After Erdogan’s election win, Turkey will continue to cause concerns in the US
WASHINGTON — On the day US President Donald Trump congratulated Turkish President Recep Tayip Erdogan on his re-election, a far more significant event took place in a nearly empty hearing room in the US Capitol complex.
A senior US official explained the difficulty the Trump administration will continue to face as it struggles to coerce and cajole Turkey, its NATO ally, into being more of a partner and less of an antagonist.
With Erdogan winning re-election, Turkey will continue to cause concerns in the United States as the country moves to buy missile-defence systems from Russia, detains Americans, including a Christian minister, and maintains a state of emergency, US Assistant Secretary of State Wess Mitchell told a handful of US senators at a hearing June 26.
Turkey, however, is also a “crucial ally and partner,” a “steadfast partner” in the fight against the Islamic State (ISIS) and “indispensable component in counterbalancing Iran,” Mitchell said.
“In the period after the election, our approach is going to be to continue to find those areas where we can cooperate and strengthen the relationship,” Mitchell added. “Turkey is a strong ally and partner that has legitimate security concerns. So we’re going to continue to try to strike that balance.”
While the Trump administration continues its carrot-and-stick strategy with Turkey, the US Congress will push for more stick and less carrot. On June 18, the Senate voted to block the planned sale of US-made F-35 fighter jets to Turkey to protest the country’s plan to buy a Russian anti-aircraft weapons system and its detention of Andrew Brunson, a US citizen and long-time resident of Turkey who is pastor of a small church in Izmir.
“We have to make it clear to him [Erdogan] that some of the actions they’re engaging in are not acceptable and there are going to be consequences,” US Senator Jeanne Shaheen said. Shaheen, a Democrat, sits on the Senate Foreign Relations Committee and sponsored the bill barring the sale of fighter jets. The measure faces action in the US House of Representatives.
Adam Schiff, an influential Democrat in the House, was more blunt, writing on Twitter on June 25: “Erdogan ‘won’ re-election in Turkey this weekend only by decimating the opposition through arrests, violence and squashing freedom of the press. Turkey’s descent into autocracy is another reminder that democracy is under assault worldwide. DO NOT CONGRATULATE.”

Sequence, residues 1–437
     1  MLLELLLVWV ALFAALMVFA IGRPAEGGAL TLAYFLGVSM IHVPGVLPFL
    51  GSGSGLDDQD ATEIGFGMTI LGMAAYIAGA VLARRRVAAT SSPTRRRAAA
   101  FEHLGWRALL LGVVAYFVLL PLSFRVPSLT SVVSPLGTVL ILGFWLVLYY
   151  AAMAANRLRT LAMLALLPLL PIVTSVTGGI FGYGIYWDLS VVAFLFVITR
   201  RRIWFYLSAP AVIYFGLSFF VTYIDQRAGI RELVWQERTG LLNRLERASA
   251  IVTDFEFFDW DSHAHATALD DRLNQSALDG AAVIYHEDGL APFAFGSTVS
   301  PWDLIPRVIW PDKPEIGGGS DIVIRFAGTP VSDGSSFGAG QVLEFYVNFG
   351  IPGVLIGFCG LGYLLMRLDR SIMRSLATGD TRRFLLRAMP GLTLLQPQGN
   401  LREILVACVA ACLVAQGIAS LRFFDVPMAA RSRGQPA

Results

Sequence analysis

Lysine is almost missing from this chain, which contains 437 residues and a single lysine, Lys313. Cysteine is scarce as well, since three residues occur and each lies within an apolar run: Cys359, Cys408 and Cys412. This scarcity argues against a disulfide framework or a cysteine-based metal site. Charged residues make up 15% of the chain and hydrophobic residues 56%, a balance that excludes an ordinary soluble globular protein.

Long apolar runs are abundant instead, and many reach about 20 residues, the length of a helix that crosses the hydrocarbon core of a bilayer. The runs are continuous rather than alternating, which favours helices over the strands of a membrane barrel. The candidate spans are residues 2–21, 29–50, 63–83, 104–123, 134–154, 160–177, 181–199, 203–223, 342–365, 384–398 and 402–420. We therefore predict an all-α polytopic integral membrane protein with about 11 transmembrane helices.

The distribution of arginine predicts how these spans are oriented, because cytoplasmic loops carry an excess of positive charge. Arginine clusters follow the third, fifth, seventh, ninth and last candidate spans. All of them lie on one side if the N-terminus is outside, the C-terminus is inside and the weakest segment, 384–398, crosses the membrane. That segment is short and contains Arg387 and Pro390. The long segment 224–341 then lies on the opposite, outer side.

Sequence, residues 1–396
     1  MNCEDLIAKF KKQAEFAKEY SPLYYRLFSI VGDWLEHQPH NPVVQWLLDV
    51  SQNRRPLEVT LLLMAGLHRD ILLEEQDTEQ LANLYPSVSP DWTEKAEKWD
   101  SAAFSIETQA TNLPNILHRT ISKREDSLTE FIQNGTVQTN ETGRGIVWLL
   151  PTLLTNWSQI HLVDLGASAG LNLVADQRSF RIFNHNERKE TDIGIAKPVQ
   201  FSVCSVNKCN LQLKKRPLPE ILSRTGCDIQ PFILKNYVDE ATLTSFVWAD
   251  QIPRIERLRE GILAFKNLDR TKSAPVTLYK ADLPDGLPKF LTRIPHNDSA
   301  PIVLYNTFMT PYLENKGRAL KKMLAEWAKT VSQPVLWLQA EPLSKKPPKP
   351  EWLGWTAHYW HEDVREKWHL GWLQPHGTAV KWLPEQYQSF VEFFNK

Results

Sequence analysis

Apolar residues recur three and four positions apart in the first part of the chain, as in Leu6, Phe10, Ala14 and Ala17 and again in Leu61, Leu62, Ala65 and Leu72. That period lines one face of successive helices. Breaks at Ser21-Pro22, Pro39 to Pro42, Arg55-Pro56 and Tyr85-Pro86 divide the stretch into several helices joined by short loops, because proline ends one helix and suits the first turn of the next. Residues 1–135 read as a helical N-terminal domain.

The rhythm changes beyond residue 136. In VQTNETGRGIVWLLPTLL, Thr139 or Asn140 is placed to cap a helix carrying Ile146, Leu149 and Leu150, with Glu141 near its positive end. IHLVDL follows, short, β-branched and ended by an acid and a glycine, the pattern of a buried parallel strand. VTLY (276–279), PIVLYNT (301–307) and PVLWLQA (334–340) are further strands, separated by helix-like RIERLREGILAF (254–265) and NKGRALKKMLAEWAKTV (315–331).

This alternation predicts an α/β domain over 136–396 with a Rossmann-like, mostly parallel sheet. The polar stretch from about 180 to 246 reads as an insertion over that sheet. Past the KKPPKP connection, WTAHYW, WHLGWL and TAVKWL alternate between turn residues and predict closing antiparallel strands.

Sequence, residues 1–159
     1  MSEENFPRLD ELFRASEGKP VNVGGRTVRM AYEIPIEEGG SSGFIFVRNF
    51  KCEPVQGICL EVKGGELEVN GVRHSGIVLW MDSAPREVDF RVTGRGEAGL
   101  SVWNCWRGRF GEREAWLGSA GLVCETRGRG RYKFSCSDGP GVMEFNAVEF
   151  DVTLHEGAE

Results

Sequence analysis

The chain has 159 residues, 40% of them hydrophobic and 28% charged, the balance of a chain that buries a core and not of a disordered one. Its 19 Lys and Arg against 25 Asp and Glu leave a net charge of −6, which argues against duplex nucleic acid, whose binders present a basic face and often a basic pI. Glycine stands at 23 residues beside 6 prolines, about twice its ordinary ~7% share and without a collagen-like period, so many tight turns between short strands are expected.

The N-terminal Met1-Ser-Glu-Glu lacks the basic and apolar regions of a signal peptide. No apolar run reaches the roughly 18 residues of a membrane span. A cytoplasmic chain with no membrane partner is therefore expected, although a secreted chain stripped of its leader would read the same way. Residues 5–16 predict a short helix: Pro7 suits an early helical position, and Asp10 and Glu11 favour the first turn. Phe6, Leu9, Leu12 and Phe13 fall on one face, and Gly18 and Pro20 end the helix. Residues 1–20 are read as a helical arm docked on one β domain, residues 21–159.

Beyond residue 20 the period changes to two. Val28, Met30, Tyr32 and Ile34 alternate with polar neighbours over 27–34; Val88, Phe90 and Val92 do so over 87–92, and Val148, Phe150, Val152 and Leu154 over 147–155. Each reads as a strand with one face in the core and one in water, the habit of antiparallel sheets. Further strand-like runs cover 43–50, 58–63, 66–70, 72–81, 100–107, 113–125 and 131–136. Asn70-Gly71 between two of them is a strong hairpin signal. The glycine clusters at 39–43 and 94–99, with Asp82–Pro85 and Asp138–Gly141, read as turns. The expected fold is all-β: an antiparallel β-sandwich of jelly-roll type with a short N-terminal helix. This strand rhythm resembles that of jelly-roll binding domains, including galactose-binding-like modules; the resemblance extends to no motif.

Erdogan spokesman Ibrahim Kalin replied to Schiff on Twitter: “President Erdogan certainly does not need YOUR congratulations. Turkish people have spoken up. You need to shut up.”
“There are very poisoned relations between Turkey and Congress,” Amanda Sloat, a former US deputy assistant secretary of state, said at a panel discussion on Turkey. Describing an “innate hostility towards Turkey in Washington,” Sloat warned against driving Erdogan away from its NATO allies.
“My plea for US and EU is not to turn away from Turkey,” Sloat said. “Russia is seeking to take advantage of this growing rift between Turkey and the West.”
However, the United States needs to take a hard stance and make clear that it will impose sanctions on Turkey if it buys Russian arms and “that there are consequences for detaining Americans in Turkish prisons,” Shaheen said in an interview. “As a NATO ally, we expect them to perform in certain ways, not to go after other NATO allies.”
Senator Ron Johnson, a Republican on the Foreign Relations Committee, told Mitchell at the hearing that “Turkey’s treatment of Pastor Brunson is simply outrageous and I think they need to understand every member of Congress is highly concerned about it.” Brunson, 50, has been detained since October 2016 on disputed charges of supporting a terrorist organisation and espionage.
Mitchell said Brunson’s imprisonment “is as manifest a case of unjust detention as we’ve seen” and that the release of Brunson and approximately two dozen other US citizens being detained is “at the forefront of our agenda with Turkey. It tops our list when we talk to the Turks.”
Mitchell acknowledged the potential damage if Turkey follows through on its plan to buy Russia’s S-400 antiaircraft system.
“We have to put this in the context that this is a crucial ally and partner. What they’re doing for us and with us on defeating ISIS is absolutely essential,” Mitchell said. Buying Russian arms “has the potential to spike the punch and we can’t be any clearer than saying that both privately and publicly. A decision on S-400 will qualitatively change the US-Turkish relationship in a way that would be very difficult to repair.”
Mitchell’s diplomatic response indicates how the Trump administration will try to push Erdogan while being careful not to alienate him.
Edward Stafford, a former US diplomat in Ankara, wrote in a column for Ahval that “US relations with Turkey will continue to be managed professionally with a focus on areas of mutual interest,” such as defeating terrorism and stabilising the Middle East. On “heated issues,” such as Turkey’s increasing closeness to Russia and Iran, the Trump administration “will strive to keep tensions from boiling over,” Stafford wrote.
Thomas Frank is a correspondent in Washington.
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